Middle East

Palestinians urge Arabs to pay pledged funds

Palestinian protesters burn tires and block the streets in the northern West Bank city of Nablus as they protest against the economic situation and against Palestinian prime minister Salam Fayyad on December 31, 2012. AFP PHOTO /JAAFAR ASHTIYEH

RAMALLAH, Palestinian Territories: The Palestinian government in the West Bank on Wednesday urged Arab nations to deliver on pledges to supply the cash-strapped Palestinian Authority (PA) with $100 million a month.

Already mired in a financial crisis, the PA has suffered further with Israel's decision to withhold the transfer of tax and tariff funds it collects on behalf of the Palestinians in the wake of their successful bid for enhanced UN status.

Arab nations have pledged to help make up the shortfall with a so-called financial "safety net," but the money has yet to be delivered.

"The cabinet... called on Arab states to activate the Arab safety net and disperse the funds it had pledged," the Palestinian cabinet said in a statement following its weekly meeting.

"The National Authority needs $240 million a month to be able to fulfill its obligations, as long as Israel continues to withhold our funds."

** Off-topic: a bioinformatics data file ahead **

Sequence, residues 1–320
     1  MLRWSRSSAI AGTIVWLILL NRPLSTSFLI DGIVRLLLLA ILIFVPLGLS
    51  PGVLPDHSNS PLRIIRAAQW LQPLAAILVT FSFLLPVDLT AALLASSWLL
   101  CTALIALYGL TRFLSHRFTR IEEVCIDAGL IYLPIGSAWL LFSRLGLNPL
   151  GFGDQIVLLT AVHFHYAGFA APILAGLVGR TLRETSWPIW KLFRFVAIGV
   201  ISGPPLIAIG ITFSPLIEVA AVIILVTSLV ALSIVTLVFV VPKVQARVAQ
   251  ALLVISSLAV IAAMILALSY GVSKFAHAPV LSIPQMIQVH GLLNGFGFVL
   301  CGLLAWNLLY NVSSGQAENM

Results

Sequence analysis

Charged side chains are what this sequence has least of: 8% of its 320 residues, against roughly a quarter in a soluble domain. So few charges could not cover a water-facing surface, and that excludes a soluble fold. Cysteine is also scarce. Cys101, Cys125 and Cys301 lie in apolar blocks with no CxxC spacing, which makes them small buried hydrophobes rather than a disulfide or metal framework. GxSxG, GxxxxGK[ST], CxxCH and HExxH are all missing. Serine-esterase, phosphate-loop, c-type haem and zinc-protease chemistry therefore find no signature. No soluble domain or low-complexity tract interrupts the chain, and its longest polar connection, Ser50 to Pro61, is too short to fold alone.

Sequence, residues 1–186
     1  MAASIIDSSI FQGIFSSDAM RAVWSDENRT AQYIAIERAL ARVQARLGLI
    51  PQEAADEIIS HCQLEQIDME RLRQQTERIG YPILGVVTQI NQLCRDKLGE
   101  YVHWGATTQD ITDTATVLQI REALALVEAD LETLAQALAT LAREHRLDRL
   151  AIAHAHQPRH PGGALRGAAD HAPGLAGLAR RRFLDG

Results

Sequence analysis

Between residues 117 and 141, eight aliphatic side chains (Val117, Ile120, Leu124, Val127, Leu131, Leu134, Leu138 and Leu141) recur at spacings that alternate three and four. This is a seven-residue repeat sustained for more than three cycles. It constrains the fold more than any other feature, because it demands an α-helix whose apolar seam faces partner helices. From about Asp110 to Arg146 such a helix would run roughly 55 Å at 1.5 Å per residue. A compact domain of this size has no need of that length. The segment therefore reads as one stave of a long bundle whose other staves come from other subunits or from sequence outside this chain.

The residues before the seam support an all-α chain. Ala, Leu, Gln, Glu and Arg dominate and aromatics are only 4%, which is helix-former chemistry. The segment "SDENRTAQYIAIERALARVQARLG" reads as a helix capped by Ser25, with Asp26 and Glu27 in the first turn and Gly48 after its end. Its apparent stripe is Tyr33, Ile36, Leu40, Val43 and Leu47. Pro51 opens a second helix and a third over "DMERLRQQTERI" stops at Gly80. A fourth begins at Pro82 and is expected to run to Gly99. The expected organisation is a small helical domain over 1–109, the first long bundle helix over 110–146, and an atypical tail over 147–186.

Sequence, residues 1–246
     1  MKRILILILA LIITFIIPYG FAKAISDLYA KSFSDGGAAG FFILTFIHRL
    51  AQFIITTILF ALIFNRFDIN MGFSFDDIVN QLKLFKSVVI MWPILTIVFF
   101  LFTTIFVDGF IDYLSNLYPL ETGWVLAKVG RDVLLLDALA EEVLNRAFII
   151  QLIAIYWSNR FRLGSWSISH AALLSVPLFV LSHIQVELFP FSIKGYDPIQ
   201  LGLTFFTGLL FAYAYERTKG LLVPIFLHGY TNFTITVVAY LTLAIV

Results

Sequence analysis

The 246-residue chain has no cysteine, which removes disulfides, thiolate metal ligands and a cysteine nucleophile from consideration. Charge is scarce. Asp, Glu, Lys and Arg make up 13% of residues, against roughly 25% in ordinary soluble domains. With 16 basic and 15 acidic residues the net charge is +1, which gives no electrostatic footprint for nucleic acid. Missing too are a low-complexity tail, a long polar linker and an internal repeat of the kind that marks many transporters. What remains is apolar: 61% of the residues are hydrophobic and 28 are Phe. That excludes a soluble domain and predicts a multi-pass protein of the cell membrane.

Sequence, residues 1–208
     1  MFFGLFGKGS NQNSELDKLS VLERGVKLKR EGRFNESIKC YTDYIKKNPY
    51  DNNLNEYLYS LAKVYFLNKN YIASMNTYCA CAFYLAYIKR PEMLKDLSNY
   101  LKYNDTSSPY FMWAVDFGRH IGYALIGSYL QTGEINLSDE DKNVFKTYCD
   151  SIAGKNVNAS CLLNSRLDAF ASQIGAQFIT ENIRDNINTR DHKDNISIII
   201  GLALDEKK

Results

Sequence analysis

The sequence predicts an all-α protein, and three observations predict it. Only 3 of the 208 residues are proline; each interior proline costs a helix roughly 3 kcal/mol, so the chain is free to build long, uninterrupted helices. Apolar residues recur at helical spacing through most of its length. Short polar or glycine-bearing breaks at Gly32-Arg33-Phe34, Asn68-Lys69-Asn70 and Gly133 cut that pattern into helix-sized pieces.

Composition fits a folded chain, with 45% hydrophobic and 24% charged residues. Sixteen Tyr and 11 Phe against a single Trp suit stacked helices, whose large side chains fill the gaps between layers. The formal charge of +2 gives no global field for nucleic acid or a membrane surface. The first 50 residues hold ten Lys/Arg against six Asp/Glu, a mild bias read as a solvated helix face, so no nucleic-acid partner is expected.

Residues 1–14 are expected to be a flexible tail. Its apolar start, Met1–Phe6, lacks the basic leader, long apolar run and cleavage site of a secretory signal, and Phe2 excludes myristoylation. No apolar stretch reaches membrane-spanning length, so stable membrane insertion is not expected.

The cabinet also called on the international community "to compel Israel to (follow) the rules of international law and relevant international resolutions, and to stop the robbery of our people's resources and income."

The Palestinian Authority has been deep in a financial crisis for months now, with pledged aid from various nations on hold, and is finding it increasingly difficult to pay its employees.

They have resorted to strike action, although union leaders acknowledge that the government has little ability to secure the funds it needs to pay workers.

Speaking to the official Voice of Palestine radio station on Wednesday, Palestinian foreign minister Riyad al-Malki said he had discussed the situation with Arab League chief Nabil al-Arabi.

Arabi informed him that four Arab nations had indicated their willingness to contribute to the "safety net," which is meant to provide the PA with $100 million a month.

Separately, Algeria agreed to move up its transfer of $52 million in scheduled, non-safety net funds to the PA, Malki said.





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